With Christmas in the rearview, Aquaman is finally in theaters, and chances are you’ve seen it–which means you inevitably have a lot of questions. We kind of, sort of, mostly loved the movie, despite its problems, but we were also pretty confused about much of its worldbuilding and plot points. For example: What exactly is the timeline of Atlantean history? How long did King Atlan spend in his self-imposed exile after the fall of Atlantis? And how long ago did he record that message for the future king? How much time has passed since Atlanteans lived in what is now the Sahara desert, and how could a clue that’s seemingly millions of years old point Arthur and Mera to a Greco-Roman era statue in Sicily?

Luckily, Warner Bros. gave us the opportunity to sit down with Aquaman’s screenwriters, David Leslie Johnson-McGoldrick and Will Beall, as well as DC’s famed writer and Aquaman executive producer Geoff Johns. Of course, we asked them to clear this all up.

The main Aquaman timeline problem comes from the fact that Arthur and Mera surmise the Deserters Kingdom under the Sahara desert has been there since “before the Sahara was a desert,” which a quick Google search tells us was around 7 million years ago. In addition, Atlanteans who broke off into the various Seven Kingdoms of Atlantis went down wildly divergent evolutionary paths, transforming over time into CGI fish people, CGI crab people, and CGI deep sea monsters, which doesn’t happen overnight. Those facts suggest that the fall of Atlantis may have really occurred millions of years ago.

Yet at the same time, Atlan’s voicemail message–the one that Arthur and Mera viewed in the chamber under the desert–pointed them to a statue in Sicily that’s at most a few thousand years old. How do the writers explain that seemingly kraken-sized plot hole?

“Well, there’s definitely a lot of different ways to skin this cat,” Johns told us. “One is that Atlan actually lives longer than [other Atlanteans]. Atlanteans live longer than humans, and he’s a king, with that trident, so clearly he lived a long, long time in isolation. I think that is probably the easiest explanation.”

In other words, King Atlan–the same king who reigned during Atlantis’s downfall–may have survived in exile at the Hidden Sea at the Earth’s Core for millions of years. His trident’s vaguely defined magical powers, which are never really explicitly defined in the movie, might have had something to do with it.

“[Atlan] is hanging onto the trident, and it’s holding him together in some way,” Beall added.

“Yeah, it’s holding him together,” Johns agreed. “I think he was there a long, long time.”

Does that mean Arthur is effectively immortal as long as he wields it? Maybe we’ll find out in future Aquaman movies (fingers crossed). But if the trident isn’t responsible, the writers have another theory that could explain Atlan’s long life: The energy blast that sank Atlantis may have had unknown effects on those who would have been nearest its epicenter.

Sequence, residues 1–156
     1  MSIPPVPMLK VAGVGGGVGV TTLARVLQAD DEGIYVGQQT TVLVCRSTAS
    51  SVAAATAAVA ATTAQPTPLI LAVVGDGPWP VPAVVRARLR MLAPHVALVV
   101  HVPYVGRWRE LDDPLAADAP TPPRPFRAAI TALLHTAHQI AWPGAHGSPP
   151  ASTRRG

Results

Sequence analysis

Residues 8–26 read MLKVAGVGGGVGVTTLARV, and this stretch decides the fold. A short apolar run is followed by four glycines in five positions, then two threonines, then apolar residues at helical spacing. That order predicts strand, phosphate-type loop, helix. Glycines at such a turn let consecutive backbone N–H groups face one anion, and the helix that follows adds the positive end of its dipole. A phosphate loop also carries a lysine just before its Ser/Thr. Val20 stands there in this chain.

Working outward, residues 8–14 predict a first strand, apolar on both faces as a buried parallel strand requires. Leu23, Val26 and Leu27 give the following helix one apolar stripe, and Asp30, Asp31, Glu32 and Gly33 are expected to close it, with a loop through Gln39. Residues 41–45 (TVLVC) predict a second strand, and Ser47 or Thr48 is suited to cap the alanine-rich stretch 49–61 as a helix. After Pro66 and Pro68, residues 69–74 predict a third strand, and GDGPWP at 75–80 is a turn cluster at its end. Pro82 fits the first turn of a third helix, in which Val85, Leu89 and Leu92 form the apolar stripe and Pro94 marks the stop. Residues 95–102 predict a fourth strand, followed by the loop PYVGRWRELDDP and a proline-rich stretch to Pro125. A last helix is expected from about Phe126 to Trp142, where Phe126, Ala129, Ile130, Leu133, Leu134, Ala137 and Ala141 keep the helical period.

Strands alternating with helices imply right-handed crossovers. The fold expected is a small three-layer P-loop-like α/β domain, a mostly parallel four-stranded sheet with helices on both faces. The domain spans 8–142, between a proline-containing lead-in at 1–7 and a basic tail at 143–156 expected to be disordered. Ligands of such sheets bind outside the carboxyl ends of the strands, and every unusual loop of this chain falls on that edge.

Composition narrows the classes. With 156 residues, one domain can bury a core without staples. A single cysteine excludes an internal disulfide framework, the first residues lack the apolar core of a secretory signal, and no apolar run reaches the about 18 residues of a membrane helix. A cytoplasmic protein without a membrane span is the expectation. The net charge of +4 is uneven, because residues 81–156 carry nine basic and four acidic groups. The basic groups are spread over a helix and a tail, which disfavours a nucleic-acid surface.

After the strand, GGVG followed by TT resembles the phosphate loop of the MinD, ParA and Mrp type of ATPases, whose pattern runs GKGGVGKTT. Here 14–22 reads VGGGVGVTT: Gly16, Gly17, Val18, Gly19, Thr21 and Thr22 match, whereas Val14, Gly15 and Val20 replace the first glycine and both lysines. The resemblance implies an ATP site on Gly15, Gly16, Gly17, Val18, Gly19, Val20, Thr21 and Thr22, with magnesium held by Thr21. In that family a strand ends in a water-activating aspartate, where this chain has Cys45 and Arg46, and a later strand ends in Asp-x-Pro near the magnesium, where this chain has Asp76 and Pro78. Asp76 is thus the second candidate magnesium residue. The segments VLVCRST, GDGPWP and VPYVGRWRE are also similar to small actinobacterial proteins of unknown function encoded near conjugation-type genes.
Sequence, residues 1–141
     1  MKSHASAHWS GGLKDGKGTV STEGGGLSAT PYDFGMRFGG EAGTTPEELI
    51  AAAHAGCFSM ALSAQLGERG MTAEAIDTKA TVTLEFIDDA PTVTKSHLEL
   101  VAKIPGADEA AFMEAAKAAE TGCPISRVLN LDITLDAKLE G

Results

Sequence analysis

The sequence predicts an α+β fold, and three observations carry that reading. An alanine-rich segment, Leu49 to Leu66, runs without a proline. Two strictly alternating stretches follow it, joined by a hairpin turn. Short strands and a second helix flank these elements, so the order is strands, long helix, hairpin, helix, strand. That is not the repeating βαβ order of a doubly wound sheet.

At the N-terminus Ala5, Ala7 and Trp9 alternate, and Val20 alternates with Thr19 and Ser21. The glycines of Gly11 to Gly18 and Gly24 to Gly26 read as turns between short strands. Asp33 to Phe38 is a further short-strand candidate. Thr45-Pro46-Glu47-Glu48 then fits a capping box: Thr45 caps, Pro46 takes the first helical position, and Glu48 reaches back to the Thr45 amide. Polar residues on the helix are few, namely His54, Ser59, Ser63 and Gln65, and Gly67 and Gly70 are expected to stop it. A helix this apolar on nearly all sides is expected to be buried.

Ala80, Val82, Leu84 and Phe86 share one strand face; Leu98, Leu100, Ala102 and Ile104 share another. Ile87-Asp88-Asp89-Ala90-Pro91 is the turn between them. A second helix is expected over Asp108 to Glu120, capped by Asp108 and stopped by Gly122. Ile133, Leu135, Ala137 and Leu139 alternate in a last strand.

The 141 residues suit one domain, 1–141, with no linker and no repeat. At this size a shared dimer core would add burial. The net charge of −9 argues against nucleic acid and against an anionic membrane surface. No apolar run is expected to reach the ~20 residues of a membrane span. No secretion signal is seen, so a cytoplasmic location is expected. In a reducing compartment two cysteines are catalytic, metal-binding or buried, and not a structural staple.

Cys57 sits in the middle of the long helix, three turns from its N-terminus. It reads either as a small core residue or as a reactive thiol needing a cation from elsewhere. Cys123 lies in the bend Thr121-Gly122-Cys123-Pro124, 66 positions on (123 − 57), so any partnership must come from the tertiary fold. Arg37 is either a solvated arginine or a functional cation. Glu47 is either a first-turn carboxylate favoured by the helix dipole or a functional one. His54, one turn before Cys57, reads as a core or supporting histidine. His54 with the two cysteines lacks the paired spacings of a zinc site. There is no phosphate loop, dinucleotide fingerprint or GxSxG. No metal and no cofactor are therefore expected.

“I think [Atlan] had some power beyond other Atlanteans, and he was at the ground zero of that explosion, so who knows how that energy affected him?” Johns posited.

One problem with that theory is it means Atlan survived in exile on the other side of that weird portal thingie for millions of years, then at some point swam back up through the Trench Kingdom, scouted around for potential clue locations, found that statue in Sicily, recorded that cryptic voicemail, and then swam back down through the portal and resumed his lonely vigil. Maybe he decided that the quest for his trident was a little too difficult, like video game developers who add more objective markers in a post-release patch. On the other hand, the Karathen–which, by the way, was voiced by Julie Andrews–seems to have had plenty of victims over the years, although it also states that it hasn’t feasted in ages. So who knows?

There’s yet another theory that has less to do with Atlan’s age: The Deserters Kingdom in the Sahara may have actually survived into much more recent history. That’s only possible if a hidden body of water once existed under the Sahara, which real life science suggests is actually possible. Johns floated this theory as well:

“Also, just because we believe that the Sahara was dry for millions of years doesn’t mean there wasn’t some water underneath it in this hidden kingdom at some point,” Johns said.

Either way, it’s pretty incredible that the best Aquaman’s writers and executive producer can offer about the movie’s timeline is theories. If anyone should be able to explain this stuff, it’s them. Of course, they could have also taken the route chosen by Venom director Ruben Fleischer and simply fessed up to the plot hole. Instead, Johns and Aquaman’s screenwriters decided on a middle path: They’re not sure exactly how the movie’s timeline works out, but according to them, it’s not impossible.

Considering we’re really just nitpicking here, we’re going to say that’s good enough for us and officially close this investigation. Aquaman is in theaters now.

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